Check the USGS gage near your desired fishing location before venturing out:
- Lost Clove Road Gage in Big Indian, NY (furthest upstream)
- Fox Hollow Road Bridge Gage in Allaben, NY
- Coldbrook Road Gage in Boiceville, NY (furthest downstream)
- Shandaken Tunnel Outlet Gage (the Portal)
Water Temperatures and Fish Stress
Despite coldwater inputs from the Portal, the lower portion of the Upper Esopus can reach high temperatures in the heat of the summer. Because trout are coldwater fish, temperatures approaching 70°F can result in heat stress, especially if caught and handled by anglers. In fact, many trout anglers don't fish in water that is over 68°F. If you're planning a catch and release outing in the summer months, it is advised that you scan the previous day's Coldbrook Gage hourly temperature readings (see link to gage above), bring a portable thermometer for accurate readings in your specific location, and avoid fishing in areas where temperatures exceed 70°F. That said, when the mainstem gets too hot, you can still try the cold mountain tributaries where the trout are a bit more comfortable. For additional details, check out Help Trout & Salmon Beat the Summer Heat (PDF).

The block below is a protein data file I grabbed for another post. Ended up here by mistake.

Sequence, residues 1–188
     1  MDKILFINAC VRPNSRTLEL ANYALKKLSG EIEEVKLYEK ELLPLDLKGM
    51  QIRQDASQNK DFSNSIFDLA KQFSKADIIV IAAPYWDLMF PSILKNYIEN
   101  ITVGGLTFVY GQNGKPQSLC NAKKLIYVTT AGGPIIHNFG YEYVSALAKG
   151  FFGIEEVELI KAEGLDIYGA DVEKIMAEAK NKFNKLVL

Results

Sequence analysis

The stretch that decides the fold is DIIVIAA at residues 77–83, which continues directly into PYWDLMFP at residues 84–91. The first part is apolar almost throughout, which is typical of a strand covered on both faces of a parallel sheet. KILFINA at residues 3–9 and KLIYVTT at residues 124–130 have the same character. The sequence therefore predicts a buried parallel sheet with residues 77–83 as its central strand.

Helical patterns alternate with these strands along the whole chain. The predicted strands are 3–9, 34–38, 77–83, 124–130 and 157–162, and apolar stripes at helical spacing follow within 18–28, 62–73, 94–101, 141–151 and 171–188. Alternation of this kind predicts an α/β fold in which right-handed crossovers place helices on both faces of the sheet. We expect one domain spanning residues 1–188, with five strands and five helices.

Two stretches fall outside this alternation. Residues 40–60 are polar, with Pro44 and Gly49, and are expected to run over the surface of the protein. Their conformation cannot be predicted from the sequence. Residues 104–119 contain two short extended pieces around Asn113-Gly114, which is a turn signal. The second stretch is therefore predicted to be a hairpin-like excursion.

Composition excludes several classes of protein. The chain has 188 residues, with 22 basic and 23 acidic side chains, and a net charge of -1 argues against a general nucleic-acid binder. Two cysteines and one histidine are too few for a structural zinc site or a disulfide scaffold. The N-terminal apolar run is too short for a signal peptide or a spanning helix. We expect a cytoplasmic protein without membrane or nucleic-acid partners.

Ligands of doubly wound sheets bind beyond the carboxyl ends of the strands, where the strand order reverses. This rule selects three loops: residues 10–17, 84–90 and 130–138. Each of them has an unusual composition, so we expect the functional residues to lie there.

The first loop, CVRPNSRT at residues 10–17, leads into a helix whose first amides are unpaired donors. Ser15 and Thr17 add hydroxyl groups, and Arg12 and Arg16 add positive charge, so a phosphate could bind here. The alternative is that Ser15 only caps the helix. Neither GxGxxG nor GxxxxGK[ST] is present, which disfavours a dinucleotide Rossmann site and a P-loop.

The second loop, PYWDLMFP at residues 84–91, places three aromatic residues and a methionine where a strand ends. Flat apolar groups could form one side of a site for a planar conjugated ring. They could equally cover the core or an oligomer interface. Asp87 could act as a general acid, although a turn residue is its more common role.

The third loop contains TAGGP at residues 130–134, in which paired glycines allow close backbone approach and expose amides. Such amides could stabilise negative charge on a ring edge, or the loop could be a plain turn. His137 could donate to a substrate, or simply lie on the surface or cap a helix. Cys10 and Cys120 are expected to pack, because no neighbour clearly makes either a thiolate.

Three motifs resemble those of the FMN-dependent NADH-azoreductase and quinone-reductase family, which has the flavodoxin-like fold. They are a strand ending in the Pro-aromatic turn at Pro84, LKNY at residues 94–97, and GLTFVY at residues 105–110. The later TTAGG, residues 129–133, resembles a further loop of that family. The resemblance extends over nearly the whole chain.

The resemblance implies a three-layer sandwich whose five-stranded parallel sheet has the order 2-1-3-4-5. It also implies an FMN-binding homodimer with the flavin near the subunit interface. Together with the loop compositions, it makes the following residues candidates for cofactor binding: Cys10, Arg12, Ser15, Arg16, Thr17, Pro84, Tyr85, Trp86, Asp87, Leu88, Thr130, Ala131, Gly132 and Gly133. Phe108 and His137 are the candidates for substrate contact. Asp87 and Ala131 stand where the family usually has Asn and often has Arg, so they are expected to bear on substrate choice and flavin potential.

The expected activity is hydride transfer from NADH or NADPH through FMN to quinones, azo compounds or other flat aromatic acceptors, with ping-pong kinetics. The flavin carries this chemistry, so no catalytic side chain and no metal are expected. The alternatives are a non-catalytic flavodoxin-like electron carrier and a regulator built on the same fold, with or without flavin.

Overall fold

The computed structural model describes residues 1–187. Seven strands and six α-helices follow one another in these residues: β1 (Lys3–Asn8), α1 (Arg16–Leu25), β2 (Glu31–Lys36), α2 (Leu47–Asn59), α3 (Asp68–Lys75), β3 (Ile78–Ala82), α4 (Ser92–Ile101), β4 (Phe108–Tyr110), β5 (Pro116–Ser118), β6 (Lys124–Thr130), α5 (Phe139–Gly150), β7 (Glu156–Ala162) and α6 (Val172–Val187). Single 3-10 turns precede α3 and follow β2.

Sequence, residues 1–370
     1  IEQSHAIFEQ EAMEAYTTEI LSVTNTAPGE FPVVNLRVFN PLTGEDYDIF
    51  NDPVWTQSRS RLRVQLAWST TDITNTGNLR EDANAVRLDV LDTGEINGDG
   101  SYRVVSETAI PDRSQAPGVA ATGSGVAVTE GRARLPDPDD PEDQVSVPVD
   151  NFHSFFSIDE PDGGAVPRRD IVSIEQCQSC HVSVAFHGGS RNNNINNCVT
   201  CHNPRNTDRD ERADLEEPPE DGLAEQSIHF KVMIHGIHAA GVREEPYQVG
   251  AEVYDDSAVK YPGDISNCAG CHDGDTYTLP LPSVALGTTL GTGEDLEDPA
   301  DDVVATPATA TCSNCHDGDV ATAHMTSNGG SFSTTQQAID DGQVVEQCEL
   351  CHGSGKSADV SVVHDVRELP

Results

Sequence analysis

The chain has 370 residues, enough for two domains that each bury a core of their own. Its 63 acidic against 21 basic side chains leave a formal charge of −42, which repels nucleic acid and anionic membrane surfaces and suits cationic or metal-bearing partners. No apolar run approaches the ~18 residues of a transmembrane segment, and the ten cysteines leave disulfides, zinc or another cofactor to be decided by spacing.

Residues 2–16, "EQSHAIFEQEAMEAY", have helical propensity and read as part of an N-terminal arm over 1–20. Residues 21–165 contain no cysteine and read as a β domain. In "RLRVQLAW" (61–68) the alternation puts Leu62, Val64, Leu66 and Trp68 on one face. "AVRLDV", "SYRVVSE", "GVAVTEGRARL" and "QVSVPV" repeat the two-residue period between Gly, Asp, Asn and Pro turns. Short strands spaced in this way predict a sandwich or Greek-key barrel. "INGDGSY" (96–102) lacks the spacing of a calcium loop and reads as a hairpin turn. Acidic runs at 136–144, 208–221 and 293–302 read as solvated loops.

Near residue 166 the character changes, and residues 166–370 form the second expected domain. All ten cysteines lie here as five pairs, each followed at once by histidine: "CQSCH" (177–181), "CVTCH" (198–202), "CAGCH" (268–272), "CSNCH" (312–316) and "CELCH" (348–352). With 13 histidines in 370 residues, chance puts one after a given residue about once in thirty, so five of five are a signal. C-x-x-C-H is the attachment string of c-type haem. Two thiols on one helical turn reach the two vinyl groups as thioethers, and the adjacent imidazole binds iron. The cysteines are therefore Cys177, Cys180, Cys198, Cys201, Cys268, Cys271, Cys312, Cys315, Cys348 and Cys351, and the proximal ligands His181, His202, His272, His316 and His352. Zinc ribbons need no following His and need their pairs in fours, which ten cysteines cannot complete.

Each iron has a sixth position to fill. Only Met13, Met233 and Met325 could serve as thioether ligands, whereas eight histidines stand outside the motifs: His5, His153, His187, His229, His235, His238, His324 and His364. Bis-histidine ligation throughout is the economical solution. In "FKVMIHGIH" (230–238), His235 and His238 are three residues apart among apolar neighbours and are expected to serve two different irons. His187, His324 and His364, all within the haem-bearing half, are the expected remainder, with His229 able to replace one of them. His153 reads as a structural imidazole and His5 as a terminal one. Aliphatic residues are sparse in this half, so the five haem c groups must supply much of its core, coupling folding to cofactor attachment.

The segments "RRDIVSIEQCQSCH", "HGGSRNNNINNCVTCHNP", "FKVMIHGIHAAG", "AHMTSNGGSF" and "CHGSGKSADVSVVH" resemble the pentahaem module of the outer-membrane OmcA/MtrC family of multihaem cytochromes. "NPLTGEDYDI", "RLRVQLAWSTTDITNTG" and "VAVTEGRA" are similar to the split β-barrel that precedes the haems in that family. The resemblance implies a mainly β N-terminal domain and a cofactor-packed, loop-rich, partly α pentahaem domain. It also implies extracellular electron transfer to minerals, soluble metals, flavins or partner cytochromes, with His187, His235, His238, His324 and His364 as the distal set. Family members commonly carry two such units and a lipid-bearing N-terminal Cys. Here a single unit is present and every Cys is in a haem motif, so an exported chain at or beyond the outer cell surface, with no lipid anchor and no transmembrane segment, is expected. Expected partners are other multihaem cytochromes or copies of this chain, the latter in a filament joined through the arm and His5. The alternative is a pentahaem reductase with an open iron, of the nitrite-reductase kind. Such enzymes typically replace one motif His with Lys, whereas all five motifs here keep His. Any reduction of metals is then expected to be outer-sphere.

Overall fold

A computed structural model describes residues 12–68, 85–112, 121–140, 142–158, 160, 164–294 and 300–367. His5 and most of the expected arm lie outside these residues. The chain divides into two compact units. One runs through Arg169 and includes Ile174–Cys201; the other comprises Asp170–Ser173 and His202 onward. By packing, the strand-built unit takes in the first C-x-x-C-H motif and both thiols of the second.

The Upper Esopus Creek has historically been split into two management areas, with Lost Clove Road Bridge in Big Indian, NY as the delineation point. The management regime of both areas was recently re-evaluated per the 2020 New York State Inland Trout Stream Management Plan (PDF). Based on this evaluation, the reach upstream of Lost Clove Road is currently managed as 'Wild', while the lower reach is managed as 'Wild Quality'. Both management areas have enough documented wild trout reproduction to support a trout fishery without supplemental stockings. View more information on Inland Trout Stream Management in the Upper Esopus Creek and statewide.
Check for the latest survey reports on the Region 3 Fisheries Management and Research page to find out more about the Upper Esopus Creek fishery, as well as additional waters managed by DEC within the lower Hudson Valley and Southern Catskill area.